The Merry Wives of Windsor was written at the end of the 16th century, and is what I would call – using the technical term – one of Shakespeare’s “puff-ball” plays. Like Comedy of Errors, the play is a farce: it’s about action, not about the deep questions that keep people up at night. These… Continue Reading »
Posts Tagged: The Merry Wives of Windsor
I find it fascinating that Verdi’s last two operas were both inspired by Shakespeare: Otello (1887) and Falstaff (1893), yet they are very different in story, style, and tone. Verdi looked to the Bard’s plays of Othello (1604) and the Merry Wives of Windsor (1600), plus the Henry plays, as a catalyst. There are plenty… Continue Reading »
The Hostess seems to have been a favorite character from the beginning, ruling the tavern where Prince Hal hangs out with Falstaff. Evidently aware of her popularity with audiences, Shakespeare developed her character further in later plays, where she evolves into Mistress Quickly.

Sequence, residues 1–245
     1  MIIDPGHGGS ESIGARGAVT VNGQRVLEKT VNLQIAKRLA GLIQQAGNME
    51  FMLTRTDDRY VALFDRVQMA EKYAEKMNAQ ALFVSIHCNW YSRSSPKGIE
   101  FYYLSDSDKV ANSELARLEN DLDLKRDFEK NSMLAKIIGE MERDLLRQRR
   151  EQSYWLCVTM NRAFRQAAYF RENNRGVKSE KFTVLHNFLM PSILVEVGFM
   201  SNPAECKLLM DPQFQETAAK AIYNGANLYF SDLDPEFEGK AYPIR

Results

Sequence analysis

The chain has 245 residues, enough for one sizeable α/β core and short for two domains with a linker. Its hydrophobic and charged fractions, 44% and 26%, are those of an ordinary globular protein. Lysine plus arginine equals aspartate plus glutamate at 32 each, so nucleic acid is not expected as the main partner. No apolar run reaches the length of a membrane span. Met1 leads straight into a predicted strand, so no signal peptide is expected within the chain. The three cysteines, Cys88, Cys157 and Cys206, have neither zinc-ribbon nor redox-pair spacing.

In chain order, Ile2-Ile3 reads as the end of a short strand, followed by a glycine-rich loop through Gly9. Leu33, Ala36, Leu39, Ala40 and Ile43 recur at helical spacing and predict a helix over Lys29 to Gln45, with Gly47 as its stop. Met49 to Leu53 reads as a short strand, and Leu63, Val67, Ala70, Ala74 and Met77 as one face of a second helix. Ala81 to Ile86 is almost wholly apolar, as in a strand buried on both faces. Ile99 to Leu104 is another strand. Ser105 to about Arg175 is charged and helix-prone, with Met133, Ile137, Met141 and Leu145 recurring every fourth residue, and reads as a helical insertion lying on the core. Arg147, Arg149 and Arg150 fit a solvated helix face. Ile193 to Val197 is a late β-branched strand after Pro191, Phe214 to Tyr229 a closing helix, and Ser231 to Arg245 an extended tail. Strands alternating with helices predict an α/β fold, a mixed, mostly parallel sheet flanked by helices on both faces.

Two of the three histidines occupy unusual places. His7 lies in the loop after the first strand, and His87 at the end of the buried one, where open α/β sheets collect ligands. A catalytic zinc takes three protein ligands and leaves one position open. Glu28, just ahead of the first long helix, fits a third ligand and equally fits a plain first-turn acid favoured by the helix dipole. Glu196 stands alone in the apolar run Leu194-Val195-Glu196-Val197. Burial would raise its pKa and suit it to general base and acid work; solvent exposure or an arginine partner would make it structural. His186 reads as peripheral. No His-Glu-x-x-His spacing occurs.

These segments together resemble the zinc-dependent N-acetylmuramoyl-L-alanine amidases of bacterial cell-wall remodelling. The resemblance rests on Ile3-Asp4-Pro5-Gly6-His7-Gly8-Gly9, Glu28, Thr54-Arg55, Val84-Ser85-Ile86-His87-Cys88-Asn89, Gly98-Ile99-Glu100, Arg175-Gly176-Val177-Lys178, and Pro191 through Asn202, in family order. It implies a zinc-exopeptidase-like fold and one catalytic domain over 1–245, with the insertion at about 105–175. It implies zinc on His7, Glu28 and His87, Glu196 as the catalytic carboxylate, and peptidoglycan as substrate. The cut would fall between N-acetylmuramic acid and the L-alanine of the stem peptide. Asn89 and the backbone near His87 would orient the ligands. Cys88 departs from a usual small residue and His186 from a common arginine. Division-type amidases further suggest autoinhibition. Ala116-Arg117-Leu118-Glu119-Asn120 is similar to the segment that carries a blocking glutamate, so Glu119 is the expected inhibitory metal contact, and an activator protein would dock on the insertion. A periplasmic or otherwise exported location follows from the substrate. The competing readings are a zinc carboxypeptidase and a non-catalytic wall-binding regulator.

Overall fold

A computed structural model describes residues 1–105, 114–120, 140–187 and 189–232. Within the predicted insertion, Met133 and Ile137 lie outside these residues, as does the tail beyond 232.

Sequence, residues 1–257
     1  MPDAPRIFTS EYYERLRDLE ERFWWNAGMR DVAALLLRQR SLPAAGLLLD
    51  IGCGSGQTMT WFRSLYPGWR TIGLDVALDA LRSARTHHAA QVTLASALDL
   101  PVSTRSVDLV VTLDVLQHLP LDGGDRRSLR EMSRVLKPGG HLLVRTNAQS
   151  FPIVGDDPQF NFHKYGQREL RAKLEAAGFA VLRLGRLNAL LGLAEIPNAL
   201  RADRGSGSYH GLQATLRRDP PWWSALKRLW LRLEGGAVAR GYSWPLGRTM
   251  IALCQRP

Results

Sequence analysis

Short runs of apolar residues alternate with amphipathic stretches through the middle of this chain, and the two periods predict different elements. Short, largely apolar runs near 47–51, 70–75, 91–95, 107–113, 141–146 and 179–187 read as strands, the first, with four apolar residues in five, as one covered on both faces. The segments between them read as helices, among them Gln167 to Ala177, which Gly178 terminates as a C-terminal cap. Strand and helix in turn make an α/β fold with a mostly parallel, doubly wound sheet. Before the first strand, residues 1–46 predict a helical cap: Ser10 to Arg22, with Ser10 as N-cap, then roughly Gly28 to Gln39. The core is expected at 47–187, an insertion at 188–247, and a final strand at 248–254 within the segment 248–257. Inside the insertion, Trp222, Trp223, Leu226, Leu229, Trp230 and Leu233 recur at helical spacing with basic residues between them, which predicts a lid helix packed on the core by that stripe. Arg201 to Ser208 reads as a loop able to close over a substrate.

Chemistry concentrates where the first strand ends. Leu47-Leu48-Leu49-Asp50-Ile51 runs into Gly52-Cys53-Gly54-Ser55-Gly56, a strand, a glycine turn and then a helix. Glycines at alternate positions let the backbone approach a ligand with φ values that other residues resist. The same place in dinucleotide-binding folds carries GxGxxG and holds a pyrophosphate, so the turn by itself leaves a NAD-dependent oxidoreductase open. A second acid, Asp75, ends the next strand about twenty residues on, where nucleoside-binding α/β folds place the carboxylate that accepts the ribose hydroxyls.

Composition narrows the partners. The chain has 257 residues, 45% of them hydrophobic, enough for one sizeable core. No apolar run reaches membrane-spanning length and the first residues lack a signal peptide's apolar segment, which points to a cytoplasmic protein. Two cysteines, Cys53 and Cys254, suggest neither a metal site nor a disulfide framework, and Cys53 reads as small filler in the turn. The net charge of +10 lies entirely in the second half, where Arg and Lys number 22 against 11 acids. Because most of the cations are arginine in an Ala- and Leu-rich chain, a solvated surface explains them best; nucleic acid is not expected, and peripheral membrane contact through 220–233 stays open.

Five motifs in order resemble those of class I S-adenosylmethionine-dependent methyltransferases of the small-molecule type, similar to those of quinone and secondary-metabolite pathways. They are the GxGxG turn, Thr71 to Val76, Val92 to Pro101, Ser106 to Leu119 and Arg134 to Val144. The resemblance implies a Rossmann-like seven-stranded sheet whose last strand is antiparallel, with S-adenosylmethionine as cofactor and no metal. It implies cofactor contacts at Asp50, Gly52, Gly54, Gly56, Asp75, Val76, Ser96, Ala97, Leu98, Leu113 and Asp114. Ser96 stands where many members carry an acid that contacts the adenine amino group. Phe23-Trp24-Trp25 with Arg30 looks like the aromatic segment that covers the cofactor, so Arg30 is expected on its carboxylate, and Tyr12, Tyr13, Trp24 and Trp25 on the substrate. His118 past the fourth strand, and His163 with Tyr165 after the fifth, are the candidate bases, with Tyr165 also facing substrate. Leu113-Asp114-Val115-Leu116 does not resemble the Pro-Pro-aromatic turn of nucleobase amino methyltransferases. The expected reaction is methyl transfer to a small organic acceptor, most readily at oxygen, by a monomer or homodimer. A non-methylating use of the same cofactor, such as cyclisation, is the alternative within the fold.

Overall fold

“The Merry Wives of Windsor” was written around 1597, and is often considered to be Shakespeare’s most English play.
Find Falstaff at Nebraska Shakespeare, Oregon Shakespeare Festival, and Shakespeare Dallas.
The Ancient Greeks may hold the franchise on Olympic wrestling—but how would they have fared against a 17th-century British shin-kicker? In 1612 in the tiny village of Chipping Campden, Robert Dover opened the first Cotswold Olympicks, ushering in a new sporting tradition that revived the Olympic spirit and laid the foundation for the modern… Continue Reading »